Last Friday, I had an opportunity to sit down and chat with Sammy Burrous, Juneau's infamous bluesman, before his show at the Rendezvous with his band, The Devil's Club. It's a slammin' trio a la Stevie Ray Vaughan and Double Trouble, but with a darker edge. While speaking with Sammy beforehand, I asked him for his "elevator pitch" on the band's sound.
"Contemporary blues would be the short sweet answer," he said, "It's traditional roots music, but I like to add some darkness and some heaviness to it. I love Black Sabbath just as much as I love Robert Johnson."
He listed Albert Collins, Albert King, Freddie King and Johnny "Guitar" Watson as some of his key influences, as well as Jimi Hendrix.
"He's the patron saint of guitar players, there is nothing without him."
At his live shows, it's not uncommon to hear classic blues tunes by many of these players and others, but it would be an insult to call The Devil's Club a cover band.
"It's roots music," he said. "There's a lot of classic songs, and the forms are already there. it's what you do with the form that makes it new, makes it yours."
Sammy first realized that he wanted to be a musician and make his contribution to the blues tradition when he was still in elementary school.
"I was in fourth grade when I found this old tape in the sand, up by the swing set. It had Howling Wolf on one side, Muddy Waters on the other. It was the London sessions, with Clapton and Steve Winwood, and man, I wore that OUT! I listened to that tape every day, but actually, I wanted to play drums until I saw Stevie Ray play."
Ironically, he found out about Vaughan the day that Vaughan's helicopter went down on Aug. 27, 1990, killing the guitar player. Though unquestionably a tragedy, the event was something of a blessing in disguise for Burrous; if Vaughan hadn't died, there's a distinct possibility that Sammy would be behind a drum kit instead of out front under the brights.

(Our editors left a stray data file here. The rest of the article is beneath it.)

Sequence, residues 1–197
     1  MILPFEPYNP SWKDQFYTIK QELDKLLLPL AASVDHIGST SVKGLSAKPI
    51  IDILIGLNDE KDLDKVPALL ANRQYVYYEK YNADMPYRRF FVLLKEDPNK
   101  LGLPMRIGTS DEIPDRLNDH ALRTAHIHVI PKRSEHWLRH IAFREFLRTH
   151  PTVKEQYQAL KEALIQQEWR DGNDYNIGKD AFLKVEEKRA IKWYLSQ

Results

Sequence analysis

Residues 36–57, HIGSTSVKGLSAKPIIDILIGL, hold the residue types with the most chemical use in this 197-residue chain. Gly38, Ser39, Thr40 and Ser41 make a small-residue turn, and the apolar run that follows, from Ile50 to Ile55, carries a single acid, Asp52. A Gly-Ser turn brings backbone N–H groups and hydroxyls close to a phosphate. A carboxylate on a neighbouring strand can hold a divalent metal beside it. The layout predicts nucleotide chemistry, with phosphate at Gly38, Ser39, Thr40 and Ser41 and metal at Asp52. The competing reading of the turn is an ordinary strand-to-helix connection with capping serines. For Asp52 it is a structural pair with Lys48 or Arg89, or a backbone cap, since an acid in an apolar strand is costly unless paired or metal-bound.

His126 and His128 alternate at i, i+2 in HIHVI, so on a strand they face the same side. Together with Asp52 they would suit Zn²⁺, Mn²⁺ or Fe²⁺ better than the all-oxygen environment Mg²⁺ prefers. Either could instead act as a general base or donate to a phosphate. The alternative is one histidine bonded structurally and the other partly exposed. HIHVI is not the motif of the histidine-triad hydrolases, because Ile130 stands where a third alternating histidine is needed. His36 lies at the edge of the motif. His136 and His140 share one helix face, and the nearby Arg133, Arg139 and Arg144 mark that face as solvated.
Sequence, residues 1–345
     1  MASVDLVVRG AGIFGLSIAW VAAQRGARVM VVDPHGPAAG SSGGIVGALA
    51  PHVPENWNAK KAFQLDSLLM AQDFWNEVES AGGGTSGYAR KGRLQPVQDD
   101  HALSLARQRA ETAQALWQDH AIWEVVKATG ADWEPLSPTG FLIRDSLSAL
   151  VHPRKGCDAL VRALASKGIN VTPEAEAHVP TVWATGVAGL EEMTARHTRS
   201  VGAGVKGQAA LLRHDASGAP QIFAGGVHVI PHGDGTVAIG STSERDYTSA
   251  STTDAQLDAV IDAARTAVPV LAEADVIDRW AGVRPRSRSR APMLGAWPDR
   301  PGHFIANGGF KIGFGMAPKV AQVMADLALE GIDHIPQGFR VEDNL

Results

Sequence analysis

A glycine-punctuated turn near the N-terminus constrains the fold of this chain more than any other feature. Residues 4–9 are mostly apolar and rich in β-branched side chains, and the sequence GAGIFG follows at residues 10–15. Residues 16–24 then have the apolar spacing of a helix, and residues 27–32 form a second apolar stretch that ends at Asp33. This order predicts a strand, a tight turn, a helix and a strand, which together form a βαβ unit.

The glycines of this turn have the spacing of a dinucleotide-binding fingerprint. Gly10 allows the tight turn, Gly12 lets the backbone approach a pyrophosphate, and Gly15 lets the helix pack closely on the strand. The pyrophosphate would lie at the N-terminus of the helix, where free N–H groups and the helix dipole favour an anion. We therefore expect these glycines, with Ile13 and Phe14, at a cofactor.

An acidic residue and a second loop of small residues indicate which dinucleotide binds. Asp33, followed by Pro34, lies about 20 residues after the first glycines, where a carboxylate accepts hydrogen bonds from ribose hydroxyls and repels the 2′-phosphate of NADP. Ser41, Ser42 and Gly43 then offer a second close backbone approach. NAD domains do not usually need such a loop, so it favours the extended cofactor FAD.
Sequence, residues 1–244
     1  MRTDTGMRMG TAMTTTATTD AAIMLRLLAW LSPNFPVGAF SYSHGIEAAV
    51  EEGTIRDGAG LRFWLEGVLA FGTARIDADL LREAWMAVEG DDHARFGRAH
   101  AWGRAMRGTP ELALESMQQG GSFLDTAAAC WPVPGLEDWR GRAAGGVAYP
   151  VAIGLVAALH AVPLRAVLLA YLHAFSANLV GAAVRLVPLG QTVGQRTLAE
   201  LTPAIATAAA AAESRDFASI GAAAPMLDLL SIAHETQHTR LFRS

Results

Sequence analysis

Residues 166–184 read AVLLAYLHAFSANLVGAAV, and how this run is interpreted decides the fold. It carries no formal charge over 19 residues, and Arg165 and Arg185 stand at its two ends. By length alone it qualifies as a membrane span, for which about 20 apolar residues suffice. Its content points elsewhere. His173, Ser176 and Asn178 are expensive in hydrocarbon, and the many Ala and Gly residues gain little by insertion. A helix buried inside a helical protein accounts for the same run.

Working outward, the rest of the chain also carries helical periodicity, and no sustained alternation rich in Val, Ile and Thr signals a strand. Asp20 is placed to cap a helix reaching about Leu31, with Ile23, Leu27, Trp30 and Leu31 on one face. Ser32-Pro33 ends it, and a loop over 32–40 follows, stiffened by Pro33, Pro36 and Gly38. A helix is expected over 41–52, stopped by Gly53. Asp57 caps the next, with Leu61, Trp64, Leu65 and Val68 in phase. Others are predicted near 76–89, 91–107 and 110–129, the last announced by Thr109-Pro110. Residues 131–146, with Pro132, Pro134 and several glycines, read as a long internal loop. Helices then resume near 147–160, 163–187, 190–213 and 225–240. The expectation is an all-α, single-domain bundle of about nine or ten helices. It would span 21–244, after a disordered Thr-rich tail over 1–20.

Watching Sammy perform, it's easy to see Stevie Ray's influence; I shot some video of the show on Friday night and you can see him tear into two Vaughan classics, "Cold Shot" and "Empty Arms" online at YouTube (Links are available from the online version of this column at thenorthwestsound.blogspot.com). Vaughan's stagemanship obviously rubbed off on Sammy; he has a vicious and exciting playing style, attacking his guitar with the fury that only a true bluesman can conjure.
Before we concluded, Sammy also mentioned that he and The Devil's Club are in the process of releasing a six-song EP on Homeskillet Records out of Sitka, which I'll definitely be reviewing it when it drops in October. It features Sammy, bass player Tom Kollin and drummer Robert Muhler on six tunes, including SRV's "Dirty Pool," and a jam titled "I Gotta Try You."
If you're looking for a blues fix before the album drops, I've heard rumors that The Devil's Club will be performing at a private cocktail party, so ask around about that. Sammy also said that he's trying to get booked at the Breakwater and the Island Pub, and that he and the boys will likely make an appearance at the Alaskan next month. So stay tuned and I'll get you an update in the next installment of the column. Until then, my fellow peace and love makers, farewell!
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